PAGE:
New England Patriots bold predictions for 2019
What exactly qualifies as bold, anyway? How far into the depths of absurdity do we really have to reach in order for something to be considered topple-you-with-a-tidal-wave-of-bold bold?
Here are five quick predictions -- we'll leave you to determine their levels of boldness -- for the Patriots in 2019 . . .
1. McDANIELS STICKS AS PATRIOTS OC
Funny how this works. A year ago it was a foregone conclusion Josh McDaniels was gone. When he left the Colts hanging, it was assumed by many that he'd never be considered for a head job again. Now, once again, he's one of the favorites around the league to become a head coach somewhere else. This prediction is based on the fact that the perfect job doesn't seem to be out there. Cleveland could qualify, but would they break up what Baker Mayfield seems to have Freddie Kitchens? The rookie quarterback has been on a tear since Hue Jackson left. The Jets job doesn't seem like a bad one given its quarterback and cap situation, but that may be a third-rail gig for the longtime Bill Belichick pupil. I wouldn't be shocked to see a scenario in which defensive play-caller Brian Flores has a head-coaching job in 2019 while McDaniels opts for another year in New England.
2. PATRIOTS LOCK UP FLOWERS
The Patriots could have between about $19 million to $25 million in cap space this coming offseason, but that number could grow with a variety of contractual maneuvers leading up to the new league year. How much of it will the team be willing to offer their top free agent? Spotrac has pegged Flowers' market value at about $14.5 million per season, using the deals of Jason Pierre-Paul, Olivier Vernon, Calais Campbell and Jabaal Sheard as comps. That kind of average annual value would slot him in between Stephon Gilmore ($13 million) and Tom Brady ($15 million), and may seem too rich for the Patriots. But Flowers could stick because he's exactly the type of player the Patriots shouldn't mind rewarding -- a homegrown talent who has done everything asked, performed consistently well, showed up in big moments, and someone who would serve as an example for younger players in the locker room looking for how to go about their jobs in order to get paid eventually. If the Patriots let him hit the market -- as they did with players like Devin McCourty and Dont'a Hightower -- there is the chance Flowers' market is impacted by other talented edge players who are available (Demarcus Lawrence, Brandon Graham, Ziggy Ansah among them). And perhaps his sack total (6.5 at the moment) makes teams around the league reluctant to pay him like a high-end pass-rusher. If that's the case, the Patriots should pounce.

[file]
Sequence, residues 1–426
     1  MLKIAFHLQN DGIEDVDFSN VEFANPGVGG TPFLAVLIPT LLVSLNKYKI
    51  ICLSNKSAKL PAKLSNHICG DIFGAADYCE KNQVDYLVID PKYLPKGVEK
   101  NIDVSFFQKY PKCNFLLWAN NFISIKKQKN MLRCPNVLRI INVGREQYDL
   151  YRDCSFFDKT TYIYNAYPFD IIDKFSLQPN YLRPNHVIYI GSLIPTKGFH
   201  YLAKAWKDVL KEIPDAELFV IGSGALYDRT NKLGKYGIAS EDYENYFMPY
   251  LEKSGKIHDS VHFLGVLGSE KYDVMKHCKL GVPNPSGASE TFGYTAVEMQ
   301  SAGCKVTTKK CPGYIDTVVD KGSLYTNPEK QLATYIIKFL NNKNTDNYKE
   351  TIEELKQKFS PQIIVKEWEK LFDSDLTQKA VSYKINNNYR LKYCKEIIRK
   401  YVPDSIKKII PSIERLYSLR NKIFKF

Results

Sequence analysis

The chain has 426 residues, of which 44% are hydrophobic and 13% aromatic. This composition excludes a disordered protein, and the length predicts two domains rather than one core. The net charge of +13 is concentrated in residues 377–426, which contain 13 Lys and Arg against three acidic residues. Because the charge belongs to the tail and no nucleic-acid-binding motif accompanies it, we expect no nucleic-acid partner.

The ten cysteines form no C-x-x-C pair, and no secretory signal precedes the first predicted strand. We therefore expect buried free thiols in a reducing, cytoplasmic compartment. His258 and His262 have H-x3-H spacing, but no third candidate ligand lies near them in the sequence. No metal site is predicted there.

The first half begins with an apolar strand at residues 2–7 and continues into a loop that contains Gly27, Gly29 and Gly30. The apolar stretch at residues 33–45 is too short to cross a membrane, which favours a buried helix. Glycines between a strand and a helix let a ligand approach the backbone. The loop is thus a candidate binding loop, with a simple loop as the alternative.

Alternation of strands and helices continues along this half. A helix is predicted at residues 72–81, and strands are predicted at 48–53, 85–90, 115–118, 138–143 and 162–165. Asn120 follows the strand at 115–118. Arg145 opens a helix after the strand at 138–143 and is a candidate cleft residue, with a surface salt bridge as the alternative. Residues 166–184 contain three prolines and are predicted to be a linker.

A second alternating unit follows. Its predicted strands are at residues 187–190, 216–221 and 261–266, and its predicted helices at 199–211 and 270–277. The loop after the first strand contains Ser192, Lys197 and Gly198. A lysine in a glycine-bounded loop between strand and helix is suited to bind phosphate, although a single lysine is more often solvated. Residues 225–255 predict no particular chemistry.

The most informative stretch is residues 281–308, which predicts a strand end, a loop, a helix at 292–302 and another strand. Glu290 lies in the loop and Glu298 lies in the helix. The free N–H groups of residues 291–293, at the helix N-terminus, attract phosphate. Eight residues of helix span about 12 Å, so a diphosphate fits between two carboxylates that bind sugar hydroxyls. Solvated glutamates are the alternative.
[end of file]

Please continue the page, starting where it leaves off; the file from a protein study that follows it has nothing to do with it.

3. PATRIOTS DRAFT GRONKOWSKI'S REPLACEMENT